Ingots are just another commodity
Matthew Lynn argues that Barack Obama would be wrong to rescue this dinosaur of 20th-century capitalism
Matthew Lynn says Britain’s largest building society prospered by refusing to follow fashion — while its bolder, greedier rivals have all gone bust or been taken over
Matthew Lynn says coffee is the pure brew of capitalism — as the credit crunch bites, no wonder the world’s most ubiquitous coffee-house chain is heading for trouble
Matthew Lynn on domain name sales
Matthew Lynn wonders whether the world’s greatest investor will be able to pick winners in continental Europe the way he has for more than four decades in the US
Matthew Lynn says hedge-fund pioneer and currency speculator George Soros is still a brilliant player of markets — but as a philosopher, frankly, he’s incomprehensible
Matthew Lynn says the explosive growth of Ireland’s wealth is coming to a sticky end, but that this highly competitive, low-tax economy can still prosper in the long term
Matthew Lynn says Royal Bank of Scotland chief Sir Fred Goodwin’s reputation is on the line as he struggles to make a success of a very expensive acquisition
Matthew Lynn visits the Bentley factory in Crewe — where Spitfires were once built — and discovers how Volkswagen’s engineers and marketing men have revived the classic marque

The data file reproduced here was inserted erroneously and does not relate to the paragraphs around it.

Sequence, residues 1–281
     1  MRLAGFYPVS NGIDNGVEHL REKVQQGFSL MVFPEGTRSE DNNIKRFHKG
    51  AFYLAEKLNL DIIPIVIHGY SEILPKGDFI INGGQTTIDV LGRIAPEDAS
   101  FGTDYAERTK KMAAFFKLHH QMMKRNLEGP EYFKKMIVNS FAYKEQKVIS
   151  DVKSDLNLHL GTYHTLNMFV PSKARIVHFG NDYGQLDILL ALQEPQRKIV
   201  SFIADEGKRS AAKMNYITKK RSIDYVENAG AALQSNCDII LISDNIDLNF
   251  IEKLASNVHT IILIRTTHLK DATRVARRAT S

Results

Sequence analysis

Matthew Lynn says London’s last 19th-century merchant bank, Close Brothers, is under threat of takeover by one of the modern breed of aggressive City traders, Andy Stewart
Matthew Lynn says the potential merger of mining giants Rio Tinto and BHP Billiton is a challenge by the old economic world order to the growing power of China
Matthew Lynn says shareholder activist Eric Knight is right to castigate HSBC’s strategy, and that the bank’s deeply religious chairman Stephen Green now faces a battle to hang on to his job
Matthew Lynn meets France's new finance minister, Christine Lagarde.
Nobody expects total honesty from politicians, particularly on the campaign trail.
The fiercer the fighting for our boys in Basra and Helmand, the more important you may think it is that Britain has a thriving arms industry to supply them. The reasons that this isn’t so can be summed up in one Arabic phrase which translates, ironically, as ‘dove of peace’: Al Yamamah.
EMI is a giant of the music business and a symbol of British prowess in ‘creative industries’ — but has stumbled from disaster to disaster in recent years
Matthew Lynn says the legendary deal-maker Bruce Wasserstein has failed to drive Lazard to the top of the investment bank league — but has made a huge personal fortune
Matthew Lynn says that power in the financial world has shifted to little-known hedge funds like the one that turned ABN Amro into a takeover target for Barclays and RBS
Matthew Lynn says British business has been too limp in its response to campaigns by media-savvy trade unions on issues such as private equity and outsourcing
The shipwreck of the last buccaneer
Matthew Lynn profiles Peter Sutherland, the pugnacious chairman of BP who stands accused of forcing the early departure of the oil giant’s chief executive, Lord Browne
If you ever happen to find yourself teaching an economics class at a private school, here’s a question you could write on the blackboard.
Matthew Lynn says Porsche is supremely successful in its own niche, but that does not qualify it to run Europe’s largest mass-market car maker
Matthew Lynn finds private military contractors such as Colonel Tim Spicer — formerly known as mercenaries — responding to demand in a high-growth business sector